“That’s a lot of pressure to put on a kid,” I said.
She shrugged. “Probably a lot more on them, as if they weren’t raising us right should we not be perfectly healthy with strong teeth and good eyes.” She laughed softly. “Even when I was first married, if I told my mom I was going to the dentist, she wanted a report of no cavities.”
“But you’re all grown up now,” I said. “You know better.”
“Do I? A body gets used to doing the usual dance with these physicals, expecting all the time to get the same answer: you’re fine, you’re healthy, nothing needs doing here. Then you turn fifty and suddenly, it’s all going to Hell in a hand cart if you don’t get this test and that test, lose that fat, and God and the AMA only know what else.” She opened her arms at hip level. “Look at me. Do I look twenty or so pounds thinner than last fall?”
I never know how to answer that kind of question. Politeness forbade any honest answer – she didn’t look thinner – but Notta forbade any hedging. “No, I suppose not.”
“So, I’m going get the tsk! tsk! From the nurse who weighs me, no matter what my heart rate or blood pressure say. No matter that I keep busier now than I ever did in my forties; maybe even my thirties. So I get an F. And I get another lecture from the doctor with his face in his computer screen about dividing my dinner plate into quarters and filling two-quarters with veggies, one with meat and the other with whole grains. All because the numbers don’t meet the standards that some bozo with good intentions set up. So I know exactly how our Early Bird feels.”
I considered this for a few moments. “But are you happy?”
She gave me a long look. “What do you mean?”
“Do you like your life? Do you like yourself? I can’t imagine you defending yourself so well against Dr. Taffy-Pull and his statistics, if you didn’t.”
“That may be sheer stubbornness,” Notta said, “but, okay, I think I am happy. I like what we do here. I have a good life at home. And yes, I think I like myself. I think I’m all right.”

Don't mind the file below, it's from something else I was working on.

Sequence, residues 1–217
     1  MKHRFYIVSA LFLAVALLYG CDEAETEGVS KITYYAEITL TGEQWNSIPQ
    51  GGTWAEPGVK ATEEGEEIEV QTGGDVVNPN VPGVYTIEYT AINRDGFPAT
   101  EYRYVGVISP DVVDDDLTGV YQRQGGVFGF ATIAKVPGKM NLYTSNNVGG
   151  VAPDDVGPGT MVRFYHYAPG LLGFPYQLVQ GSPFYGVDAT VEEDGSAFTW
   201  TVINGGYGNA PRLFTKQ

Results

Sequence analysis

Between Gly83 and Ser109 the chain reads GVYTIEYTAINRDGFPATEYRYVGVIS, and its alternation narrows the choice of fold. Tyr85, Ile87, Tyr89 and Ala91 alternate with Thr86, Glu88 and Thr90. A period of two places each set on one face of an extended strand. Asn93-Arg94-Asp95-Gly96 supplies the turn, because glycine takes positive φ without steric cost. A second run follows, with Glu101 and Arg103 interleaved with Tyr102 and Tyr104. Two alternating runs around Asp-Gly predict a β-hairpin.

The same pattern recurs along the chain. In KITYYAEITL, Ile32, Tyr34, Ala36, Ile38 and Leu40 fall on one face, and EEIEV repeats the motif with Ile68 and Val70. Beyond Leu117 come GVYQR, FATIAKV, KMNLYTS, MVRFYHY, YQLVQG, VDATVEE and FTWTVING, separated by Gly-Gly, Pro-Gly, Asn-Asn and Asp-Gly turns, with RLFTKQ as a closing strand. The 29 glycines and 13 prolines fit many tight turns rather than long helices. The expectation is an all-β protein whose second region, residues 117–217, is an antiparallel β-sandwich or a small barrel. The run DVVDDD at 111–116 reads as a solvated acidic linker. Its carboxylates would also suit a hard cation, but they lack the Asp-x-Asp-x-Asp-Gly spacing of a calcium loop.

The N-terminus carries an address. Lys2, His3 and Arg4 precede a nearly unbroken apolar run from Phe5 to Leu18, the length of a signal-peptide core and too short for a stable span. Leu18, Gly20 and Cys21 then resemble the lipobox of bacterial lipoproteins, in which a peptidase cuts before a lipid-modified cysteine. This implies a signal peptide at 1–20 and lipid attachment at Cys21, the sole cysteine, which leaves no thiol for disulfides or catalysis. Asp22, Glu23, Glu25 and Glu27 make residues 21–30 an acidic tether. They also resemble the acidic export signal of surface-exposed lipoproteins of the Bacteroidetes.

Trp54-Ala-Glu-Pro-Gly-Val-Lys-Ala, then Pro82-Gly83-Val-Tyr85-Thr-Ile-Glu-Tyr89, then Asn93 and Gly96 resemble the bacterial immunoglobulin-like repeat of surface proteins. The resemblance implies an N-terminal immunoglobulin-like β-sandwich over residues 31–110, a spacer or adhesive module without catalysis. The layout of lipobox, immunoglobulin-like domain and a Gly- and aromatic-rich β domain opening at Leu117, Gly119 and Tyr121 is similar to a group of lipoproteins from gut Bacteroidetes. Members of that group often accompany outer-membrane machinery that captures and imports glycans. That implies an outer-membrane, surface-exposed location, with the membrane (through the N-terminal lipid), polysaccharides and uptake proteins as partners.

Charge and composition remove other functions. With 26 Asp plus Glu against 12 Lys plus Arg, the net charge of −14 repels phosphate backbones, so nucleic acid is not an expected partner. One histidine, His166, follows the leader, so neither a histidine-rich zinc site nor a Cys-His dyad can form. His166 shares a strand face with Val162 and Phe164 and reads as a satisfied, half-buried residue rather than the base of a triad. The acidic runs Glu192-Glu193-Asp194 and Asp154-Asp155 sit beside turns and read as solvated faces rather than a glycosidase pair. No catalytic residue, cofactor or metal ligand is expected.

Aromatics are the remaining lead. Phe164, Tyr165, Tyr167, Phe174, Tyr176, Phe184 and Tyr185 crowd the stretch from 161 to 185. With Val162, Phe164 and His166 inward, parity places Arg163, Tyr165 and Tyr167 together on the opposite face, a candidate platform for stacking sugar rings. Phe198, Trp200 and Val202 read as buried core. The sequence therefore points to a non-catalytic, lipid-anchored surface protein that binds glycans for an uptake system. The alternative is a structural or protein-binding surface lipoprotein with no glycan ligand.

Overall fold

“I do, too.” I gathered my pile of materials for class. “You know, the odds are we will never meet all the standards laid down for us by others. Some make sense, as in what will keep us healthy, living as long as we wish to and still able to bite a raw apple and chew it. Some I suppose are necessary: for example, employers have work that needs to be done for their business to continue. They have to decide which person can do a job, or learn to do the job, for as long as the work is needed. Maybe they look for a person who can grow in the job and grow the business as well (I’m a teacher; these practicalities are all theoretical to me). Colleges and trade schools have limited resources, too, so they have to go with the candidates that look the likeliest to finish, to succeed.
“Now I can’t say I ever met all of my parents’ expectations. In fact, I’m certain I fell short in many ways. I failed Accounting in college, did I ever tell you?”
“No. You? Fail?” Notta’s sarcasm could lose some weight, too.
“Retook it and passed, but I tore myself apart mentally because I failed and I didn’t know how to deal with failing.”
“But you learned.”
I nodded. “We all have to, sometimes. I think that’s every bit as important as learning to succeed. In grades, in jobs, in annual physicals, sometimes you fail. People important to you will be disappointed. So it goes. What I wish I could get our cherubs to see is that, at some point, that concern over others’ opinions has to go by the wayside. Some standards are useful. But the rest? The character judgments, the ‘report cards’ people give with their eyes and their tones, that’s all rubbish.”
“Their rubbish,” Notta added. “ The people doing the judging, I mean.” She sighed. “Maybe I’ll try telling old Taffy-Pull a joke.”
“I’d avoid the one about the doctor and the feisty old lady.”
We laughed our way into class.